Lesley-Anne Knight at the EU Development Days conference
By Alain Rodríguez García, Caritas Europa
Lesley-Ann Knight, Secretary General of Caritas Internationalis , delivered a speech yesterday during the Opening Session of the 5th edition of the European Development Days that are being hold in Brussels on 6-7 December.
Ms. Knight shared the floor with a series of European and international personalities such as Belgium’s Prime Minister Yves Letterme, European Commission President Joao Manuel Barroso, European Parliament President Jerzy Buzek, IMF Managing Director Dominique Strauss-Kahn and Nepal’s Prime Minister Madhav Kumar.
Starting with a clear reminder of Caritas’ preferential option for the poor, Ms. Knight talked about the dire reality in which the have-nots are living across the world. She mentioned the fact that 50% of global migration is composed of women and girls, who face terrible dangers when attempting to reach the dream of a better life. She also reminded the forum that poverty is everywhere, even in the richest of the countries such as the United States, Japan and the European Union (EU). Continue reading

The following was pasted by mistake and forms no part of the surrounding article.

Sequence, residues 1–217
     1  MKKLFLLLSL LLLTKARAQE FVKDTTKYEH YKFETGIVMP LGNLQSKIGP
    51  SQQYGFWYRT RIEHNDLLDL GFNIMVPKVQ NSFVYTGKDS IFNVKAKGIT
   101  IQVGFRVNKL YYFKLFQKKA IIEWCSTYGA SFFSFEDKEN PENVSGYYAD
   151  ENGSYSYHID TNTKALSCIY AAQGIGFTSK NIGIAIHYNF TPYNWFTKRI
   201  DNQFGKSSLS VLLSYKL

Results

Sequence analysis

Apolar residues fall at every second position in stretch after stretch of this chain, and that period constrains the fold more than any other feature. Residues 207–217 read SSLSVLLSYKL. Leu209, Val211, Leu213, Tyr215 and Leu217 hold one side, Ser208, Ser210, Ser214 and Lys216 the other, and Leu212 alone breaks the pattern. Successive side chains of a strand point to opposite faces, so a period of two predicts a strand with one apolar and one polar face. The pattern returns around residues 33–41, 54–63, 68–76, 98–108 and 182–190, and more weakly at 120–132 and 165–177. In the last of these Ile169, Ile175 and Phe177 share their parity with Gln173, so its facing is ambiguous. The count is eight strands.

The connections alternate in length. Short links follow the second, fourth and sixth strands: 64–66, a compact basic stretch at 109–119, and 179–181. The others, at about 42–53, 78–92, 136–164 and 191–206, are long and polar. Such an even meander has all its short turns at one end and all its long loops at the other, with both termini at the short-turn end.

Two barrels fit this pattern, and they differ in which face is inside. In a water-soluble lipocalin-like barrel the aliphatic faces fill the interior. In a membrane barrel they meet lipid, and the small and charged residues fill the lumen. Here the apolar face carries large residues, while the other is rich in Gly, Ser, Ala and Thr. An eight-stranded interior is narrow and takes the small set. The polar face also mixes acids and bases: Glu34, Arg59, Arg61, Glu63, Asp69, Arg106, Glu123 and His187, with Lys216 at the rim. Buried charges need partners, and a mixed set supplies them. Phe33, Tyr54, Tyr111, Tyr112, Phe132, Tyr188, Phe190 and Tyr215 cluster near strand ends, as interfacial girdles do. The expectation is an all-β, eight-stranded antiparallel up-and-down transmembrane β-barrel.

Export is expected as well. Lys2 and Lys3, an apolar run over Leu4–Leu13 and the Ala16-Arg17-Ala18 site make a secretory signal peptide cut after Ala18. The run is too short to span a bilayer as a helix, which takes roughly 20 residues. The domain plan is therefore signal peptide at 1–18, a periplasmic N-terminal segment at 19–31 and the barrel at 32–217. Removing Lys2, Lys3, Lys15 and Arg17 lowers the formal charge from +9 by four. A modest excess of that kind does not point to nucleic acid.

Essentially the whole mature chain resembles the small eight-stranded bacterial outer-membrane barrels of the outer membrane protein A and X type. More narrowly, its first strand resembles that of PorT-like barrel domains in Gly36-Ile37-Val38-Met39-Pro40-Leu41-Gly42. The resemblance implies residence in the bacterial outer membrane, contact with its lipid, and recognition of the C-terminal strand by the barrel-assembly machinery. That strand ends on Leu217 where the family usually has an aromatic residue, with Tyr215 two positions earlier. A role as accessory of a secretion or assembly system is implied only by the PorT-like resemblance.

US ambassador to the Vatican, Miguel Diaz, and Archbishop Silvano Tomasi, the Vatican's observer to the UN in Geneva, were just two of the speakers on the first day of the Caritas/US Embassy to the Holy See AIDS conference. Credit: Caritas/Michelle Hough
By Michelle Hough, communications officer for Caritas Internationalis
If you think you’re too small to be effective, you’ve never been in bed with a mosquito, goes the saying.
Representatives from UN agencies, drug companies and NGOs and faith-based organisations large and small (but very effective) came to Rome mid-October to make headway on the desperate problem of children living with HIV and TB in poor countries.
The occasion was a paediatrics AIDS conference organised by Caritas Internationalis and the US Embassy to the Holy See. There were few mosquitoes around thankfully, but lots of ideas and discussion on the issues surrounding children with AIDS and TB.
One of the main messages to emerge from the conference on improving testing and treatment for these children was that while all the organisations worked well in their fields, their impact would be much greater if they joined their forces together. Continue reading